On Wednesday, August 30, millions of pilgrims began arriving in Mecca for Hajj, the annual pilgrimage to Islam’s holiest site. Each year millions of Muslims enter the city from all around the world, seeking peace and fulfillment of their religious obligations. What should be a spiritual journey for worshipers, however, is often exploited as a political tool by the Saudi state.
As custodians of Mecca and Medina, Saudi Arabia manages the entry and exit of pilgrims through strict visa applications, overseen by the Hajj ministry. As Ali Shibahi, executive director of the Arabia Foundation, a pro-Saudi think tank based in Washington D.C., remarked in a recent article for the Associated Press, “whoever controls Mecca and Medina has tremendous soft power.”
Shibahi claims the monarchy has always been careful to avoid restricting access for Muslims to the two holy cities. But, as Saudi’s treatment of certain pilgrims demonstrates, the exact opposite is true.
In 2015, there was a tragic stampede during Hajj, which killed over 2,000 pilgrims. Over 400 were Iranian nationals, the most from any one country. Iran’s Supreme Leader, Ayatollah Ali Khamenei, faulted the Saudi authorities for the deaths, claiming mismanagement of the holy sites.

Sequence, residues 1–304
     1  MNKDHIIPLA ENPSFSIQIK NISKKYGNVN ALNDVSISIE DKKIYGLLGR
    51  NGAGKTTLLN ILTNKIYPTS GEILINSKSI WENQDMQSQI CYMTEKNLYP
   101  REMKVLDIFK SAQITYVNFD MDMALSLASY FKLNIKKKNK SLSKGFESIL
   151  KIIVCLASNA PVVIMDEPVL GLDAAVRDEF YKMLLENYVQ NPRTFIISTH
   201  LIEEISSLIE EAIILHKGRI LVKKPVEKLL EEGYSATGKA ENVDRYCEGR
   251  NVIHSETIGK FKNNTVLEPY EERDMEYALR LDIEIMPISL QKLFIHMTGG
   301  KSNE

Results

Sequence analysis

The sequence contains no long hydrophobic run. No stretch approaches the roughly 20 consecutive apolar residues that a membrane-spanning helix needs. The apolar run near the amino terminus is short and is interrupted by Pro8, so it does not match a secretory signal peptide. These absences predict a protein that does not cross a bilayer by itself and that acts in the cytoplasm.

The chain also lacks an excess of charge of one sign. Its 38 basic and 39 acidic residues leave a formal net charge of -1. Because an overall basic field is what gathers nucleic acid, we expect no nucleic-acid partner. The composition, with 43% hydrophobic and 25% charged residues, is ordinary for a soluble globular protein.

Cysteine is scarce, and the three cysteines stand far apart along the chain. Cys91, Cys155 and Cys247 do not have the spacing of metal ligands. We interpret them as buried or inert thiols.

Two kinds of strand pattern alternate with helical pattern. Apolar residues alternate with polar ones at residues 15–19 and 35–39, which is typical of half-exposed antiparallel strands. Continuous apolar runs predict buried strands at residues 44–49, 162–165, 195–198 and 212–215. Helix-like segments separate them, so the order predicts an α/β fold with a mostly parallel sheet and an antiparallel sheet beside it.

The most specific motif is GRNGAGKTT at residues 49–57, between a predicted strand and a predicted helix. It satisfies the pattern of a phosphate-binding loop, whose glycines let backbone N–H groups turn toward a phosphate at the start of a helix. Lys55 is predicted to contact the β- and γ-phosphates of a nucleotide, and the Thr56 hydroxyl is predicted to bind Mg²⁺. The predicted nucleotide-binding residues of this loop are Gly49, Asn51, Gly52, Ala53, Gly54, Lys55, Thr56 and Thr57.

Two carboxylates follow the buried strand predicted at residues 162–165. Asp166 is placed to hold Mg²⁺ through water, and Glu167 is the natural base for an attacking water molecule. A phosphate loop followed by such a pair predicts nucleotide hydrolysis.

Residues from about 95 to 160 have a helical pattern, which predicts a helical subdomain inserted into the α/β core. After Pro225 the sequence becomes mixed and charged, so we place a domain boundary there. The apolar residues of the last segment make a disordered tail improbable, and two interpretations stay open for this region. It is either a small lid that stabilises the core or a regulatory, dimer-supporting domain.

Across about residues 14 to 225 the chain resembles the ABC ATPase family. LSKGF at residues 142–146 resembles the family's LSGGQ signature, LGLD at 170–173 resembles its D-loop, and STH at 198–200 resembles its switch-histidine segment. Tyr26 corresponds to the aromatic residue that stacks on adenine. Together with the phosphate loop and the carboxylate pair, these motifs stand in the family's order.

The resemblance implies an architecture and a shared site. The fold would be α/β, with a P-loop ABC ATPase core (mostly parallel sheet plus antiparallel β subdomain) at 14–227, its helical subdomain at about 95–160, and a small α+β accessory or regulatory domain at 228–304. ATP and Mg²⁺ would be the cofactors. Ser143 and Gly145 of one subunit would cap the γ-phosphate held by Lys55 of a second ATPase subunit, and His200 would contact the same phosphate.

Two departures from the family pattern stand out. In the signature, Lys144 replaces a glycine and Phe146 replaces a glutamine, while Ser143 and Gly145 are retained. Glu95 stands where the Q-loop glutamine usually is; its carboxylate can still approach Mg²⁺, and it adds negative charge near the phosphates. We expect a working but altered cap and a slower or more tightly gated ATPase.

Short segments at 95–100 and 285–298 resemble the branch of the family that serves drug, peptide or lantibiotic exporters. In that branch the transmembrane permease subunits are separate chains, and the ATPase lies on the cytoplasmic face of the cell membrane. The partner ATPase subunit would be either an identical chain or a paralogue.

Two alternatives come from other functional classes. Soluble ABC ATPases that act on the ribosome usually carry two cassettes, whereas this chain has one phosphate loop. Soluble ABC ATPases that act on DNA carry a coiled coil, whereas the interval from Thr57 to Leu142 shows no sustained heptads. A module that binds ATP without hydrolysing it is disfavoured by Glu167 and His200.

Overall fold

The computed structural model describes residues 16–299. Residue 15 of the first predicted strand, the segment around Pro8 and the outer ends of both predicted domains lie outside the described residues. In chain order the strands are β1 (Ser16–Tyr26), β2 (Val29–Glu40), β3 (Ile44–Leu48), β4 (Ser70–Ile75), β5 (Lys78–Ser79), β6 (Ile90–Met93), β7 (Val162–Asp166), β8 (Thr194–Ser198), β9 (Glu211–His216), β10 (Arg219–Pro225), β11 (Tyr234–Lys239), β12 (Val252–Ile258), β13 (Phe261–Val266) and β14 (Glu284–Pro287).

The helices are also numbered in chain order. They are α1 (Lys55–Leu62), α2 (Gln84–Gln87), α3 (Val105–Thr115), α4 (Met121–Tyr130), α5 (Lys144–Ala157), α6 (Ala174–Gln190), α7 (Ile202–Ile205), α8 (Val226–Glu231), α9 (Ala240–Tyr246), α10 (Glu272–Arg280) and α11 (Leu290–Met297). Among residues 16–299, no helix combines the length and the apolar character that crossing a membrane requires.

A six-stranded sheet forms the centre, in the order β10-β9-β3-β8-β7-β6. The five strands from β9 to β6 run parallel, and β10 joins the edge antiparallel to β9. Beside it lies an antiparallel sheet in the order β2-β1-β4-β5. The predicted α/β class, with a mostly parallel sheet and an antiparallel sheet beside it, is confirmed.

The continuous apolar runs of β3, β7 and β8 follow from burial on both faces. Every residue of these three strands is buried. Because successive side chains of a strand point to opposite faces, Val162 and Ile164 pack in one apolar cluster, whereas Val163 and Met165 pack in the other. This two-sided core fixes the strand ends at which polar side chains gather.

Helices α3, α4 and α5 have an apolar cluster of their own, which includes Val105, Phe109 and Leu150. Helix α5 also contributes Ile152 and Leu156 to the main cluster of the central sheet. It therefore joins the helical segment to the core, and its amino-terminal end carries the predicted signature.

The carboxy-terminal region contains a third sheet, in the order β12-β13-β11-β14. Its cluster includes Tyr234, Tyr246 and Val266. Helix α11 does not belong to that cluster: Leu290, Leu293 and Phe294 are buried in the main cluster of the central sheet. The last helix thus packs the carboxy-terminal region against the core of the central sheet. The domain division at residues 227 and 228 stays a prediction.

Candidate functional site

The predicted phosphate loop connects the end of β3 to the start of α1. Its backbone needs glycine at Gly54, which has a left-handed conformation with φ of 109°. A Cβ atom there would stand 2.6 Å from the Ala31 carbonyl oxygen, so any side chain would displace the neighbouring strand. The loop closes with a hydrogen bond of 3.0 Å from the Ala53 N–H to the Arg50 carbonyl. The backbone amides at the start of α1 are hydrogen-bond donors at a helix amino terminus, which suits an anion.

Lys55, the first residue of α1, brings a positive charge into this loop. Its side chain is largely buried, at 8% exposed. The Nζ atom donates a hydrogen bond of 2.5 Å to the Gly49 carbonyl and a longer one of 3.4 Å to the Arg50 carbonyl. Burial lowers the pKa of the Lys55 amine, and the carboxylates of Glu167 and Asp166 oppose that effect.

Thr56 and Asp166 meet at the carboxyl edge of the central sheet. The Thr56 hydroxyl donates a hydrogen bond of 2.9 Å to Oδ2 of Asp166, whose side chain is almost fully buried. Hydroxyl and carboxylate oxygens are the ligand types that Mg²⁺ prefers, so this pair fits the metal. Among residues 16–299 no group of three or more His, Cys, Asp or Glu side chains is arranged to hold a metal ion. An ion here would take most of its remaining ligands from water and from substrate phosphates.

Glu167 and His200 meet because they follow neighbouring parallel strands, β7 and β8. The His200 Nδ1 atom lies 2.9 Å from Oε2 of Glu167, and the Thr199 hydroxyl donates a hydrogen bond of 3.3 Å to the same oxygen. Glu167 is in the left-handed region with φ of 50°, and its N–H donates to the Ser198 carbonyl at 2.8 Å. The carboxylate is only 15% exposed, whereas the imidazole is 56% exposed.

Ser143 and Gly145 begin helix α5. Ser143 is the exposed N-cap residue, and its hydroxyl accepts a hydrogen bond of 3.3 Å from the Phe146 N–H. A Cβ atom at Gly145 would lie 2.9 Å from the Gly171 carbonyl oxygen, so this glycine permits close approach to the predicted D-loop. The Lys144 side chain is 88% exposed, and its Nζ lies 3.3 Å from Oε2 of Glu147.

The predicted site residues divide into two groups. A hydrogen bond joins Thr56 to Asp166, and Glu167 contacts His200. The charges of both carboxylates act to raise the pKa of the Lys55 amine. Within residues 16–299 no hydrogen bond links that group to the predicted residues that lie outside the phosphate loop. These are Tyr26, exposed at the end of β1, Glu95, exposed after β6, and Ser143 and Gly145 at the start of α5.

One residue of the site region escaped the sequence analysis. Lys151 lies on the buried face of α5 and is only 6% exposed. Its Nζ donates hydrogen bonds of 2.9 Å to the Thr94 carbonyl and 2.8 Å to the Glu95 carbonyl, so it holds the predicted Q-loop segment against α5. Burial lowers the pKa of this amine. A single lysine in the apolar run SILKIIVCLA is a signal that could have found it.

In 2016, the Kingdom cut diplomatic ties with the Islamic Republic, after protests erupted outside its embassy in Tehran following Saudi’s execution of Shiite cleric Nimr al-Nimr. In the ensuing debacle, Saudi officials refused to provide Iranian pilgrims with consular support or guarantee their security during Hajj. As a result, the Iranian government was forced to prohibit its citizens from travelling to Mecca for Hajj that year.
This year, over 80,000 Iranian citizens have returned to Mecca for the pilgrimage. According to Fariba Adelkhah, a researcher from France’s Sciences Po University, Iran could not indefinitely maintain its travel ban, as it would have sparked domestic protests in the Muslim-majority country.
But, while Iranians may be able to travel to Mecca, Qatari citizens are finding themselves in an awkward position, since Saudi cut ties with Qatar in June. Although the Saudi government has said Qataris will be allowed to enter the country to perform Hajj, it has imposed several restrictions, including refusing to provide Qatari travelers with consular services for the duration of the pilgrimage. Some Qataris who could have made the pilgrimage chose not to, fearing potential discrimination in Saudi Arabia.
Iran and Qatar are relatively powerful and wealthy regional actors, but, yet, their citizens are subject to Saudi’s whims. Muslims from smaller and poorer countries, which are already subject to visa quotas set by the Saudi government, may start to fear that their admittance to Mecca is similarly under threat.